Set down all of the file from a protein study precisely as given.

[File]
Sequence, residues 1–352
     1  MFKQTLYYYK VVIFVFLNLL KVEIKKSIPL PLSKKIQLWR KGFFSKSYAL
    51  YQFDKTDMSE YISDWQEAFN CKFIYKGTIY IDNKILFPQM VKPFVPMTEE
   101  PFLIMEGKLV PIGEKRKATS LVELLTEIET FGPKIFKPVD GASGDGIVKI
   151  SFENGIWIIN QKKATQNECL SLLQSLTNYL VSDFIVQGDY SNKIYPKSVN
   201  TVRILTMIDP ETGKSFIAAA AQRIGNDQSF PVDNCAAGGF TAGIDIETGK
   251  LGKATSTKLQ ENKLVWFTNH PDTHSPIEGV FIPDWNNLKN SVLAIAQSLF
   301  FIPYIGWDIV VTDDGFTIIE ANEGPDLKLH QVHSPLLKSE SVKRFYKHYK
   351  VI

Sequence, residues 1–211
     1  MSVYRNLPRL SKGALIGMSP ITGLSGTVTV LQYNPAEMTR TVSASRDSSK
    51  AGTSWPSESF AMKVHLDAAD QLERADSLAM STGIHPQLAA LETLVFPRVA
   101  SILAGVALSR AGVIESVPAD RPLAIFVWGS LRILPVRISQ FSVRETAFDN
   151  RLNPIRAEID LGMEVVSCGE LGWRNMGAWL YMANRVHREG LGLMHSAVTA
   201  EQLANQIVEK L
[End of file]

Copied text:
Sequence, residues 1–352
     1  MFKQTLYYYK VVIFVFLNLL KVEIKKSIPL PLSKKIQLWR KGFFSKSYAL
    51  YQFDKTDMSE YISDWQEAFN CKFIYKGTIY IDNKILFPQM VKPFVPMTEE
   101  PFLIMEGKLV PIGEKRKATS LVELLTEIET FGPKIFKPVD GASGDGIVKI
   151  SFENGIWIIN QKKATQNECL SLLQSLTNYL VSDFIVQGDY SNKIYPKSVN
   201  TVRILTMIDP ETGKSFIAAA AQRIGNDQSF PVDNCAAGGF TAGIDIETGK
   251  LGKATSTKLQ ENKLVWFTNH PDTHSPIEGV FIPDWNNLKN SVLAIAQSLF
   301  FIPYIGWDIV VTDDGFTIIE ANEGPDLKLH QVHSPLLKSE SVKRFYKHYK
   351  VI

Sequence, residues 1–211
     1  MSVYRNLPRL SKGALIGMSP ITGLSGTVTV LQYNPAEMTR TVSASRDSSK
    51  AGTSWPSESF AMKVHLDAAD QLERADSLAM STGIHPQLAA LETLVFPRVA
   101  SILAGVALSR AGVIESVPAD RPLAIFVWGS LRILPVRISQ FSVRETAFDN
   151  RLNPIRAEID LGMEVVSCGE LGWRNMGAWL YMANRVHREG LGLMHSAVTA
   201  EQLANQIVEK L